Statement of Maharaja Hari Singh on Cripps Mission
We have yet to know the conclusions at which His His Majesty’s Government has unanimously arrived under the combined stress of British India’s well-known demands and the requirements of the war situation to satisfy the legitimate aspirations of interests.
On the part of the States, a considerable factor in the Indian policy and an important party to be satisfied, there has been a tendency even within recent weeks to give prominence to the credo of ‘Relations to the Crown’. These relations have so far been maintained through and Directed by a Department set up by the will of the Crown, the policy and practice of the Department being determined by the Crown’s functionaries. Logically therefore it would seem that the Princes cannot object to hiiving dealings with a Central Government of India which the Crown nay constitute. Nor have they any reason to assume that they would not get a square deal from such a Government.
In any case, it is the duty of the Princes to show themselves the equals of nationals anywhere in the world.
The Princes are justified in assuming that, in a Self-Governing India, every autonomous unit will share equally the -fiscal and financial advantage accusing in such an India as well as the responsibilities and burdens entailed by the maintenance of peace and order and the provision of beneficient service and public utilities in the territories administered. And it should not be forgotten that these territories may have problems peculiar to their populations as well as to their physical conditions. .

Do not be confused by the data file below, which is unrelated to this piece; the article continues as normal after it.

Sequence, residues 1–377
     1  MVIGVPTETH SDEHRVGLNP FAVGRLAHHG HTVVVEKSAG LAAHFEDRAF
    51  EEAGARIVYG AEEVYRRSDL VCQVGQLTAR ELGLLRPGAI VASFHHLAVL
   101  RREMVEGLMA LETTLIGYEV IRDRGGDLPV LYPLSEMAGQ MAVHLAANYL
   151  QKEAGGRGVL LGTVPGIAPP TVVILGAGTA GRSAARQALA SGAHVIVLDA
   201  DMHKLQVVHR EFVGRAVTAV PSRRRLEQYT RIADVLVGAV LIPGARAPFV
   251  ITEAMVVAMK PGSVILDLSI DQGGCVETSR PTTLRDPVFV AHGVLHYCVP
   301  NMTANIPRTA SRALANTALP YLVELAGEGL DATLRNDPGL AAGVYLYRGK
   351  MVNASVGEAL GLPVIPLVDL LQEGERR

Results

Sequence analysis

In the India of tomorrow, such of the Princes’ prerogatives as enable them to afford a better life to their subjects and to ameliorate their lot must remain. Other privileges, which may be merely matters of honour and glory, shedding effulgence on their personalities, are of comparatively small account when set beside other considerations such as the safe-guarding of resources necessary for uptodate Government and the relief of burdens borne by the State alone.
In promising to support the proposals brought by Sir Stafford Cripps, the Chamber of Princes added the proviso that the support should be without prejudice to the right of individual States to lay their case before him and general, without prejudice to the inherent rights of the States. These rights it is not easy to define or catalogue when one considers the effect of the political practice inaugurated in 1860 and since maintained with the aid of ‘usage and sufferance’. In any cased there is a piquant irony in the contrast between the Princes’ reiteration the phrase-‘Treaty Rights’ and the Viceroy’s suggestion that all Princes, for certain purposes, should voluntarily abdicate in favour of the Political Officers accredited to their courts.
When at the Round Table Conference the Princes assented to the working out of a Federal Constitution, they were prepared voluntarily to delegate some of their sovereign powers to a Federal Government. In the India of the future, it is possible that the matters committed to the Central Government would be far fewer than those recited in the Table of Federal Matters appended to the Act of 1935.
Unless, therefore, the proposals entrusted in Sir Stafford Cripps are fundamentally adverse to the interests of the Indian States and this is unthinkable there is no reason why there” should not be ample common ground between the States and the rest of India.
Freedom must be our watchword…freedom from crippling restrictions and strangling control, freedom front the subordination of India’s interests to the interests of other parts of the Commonwealth.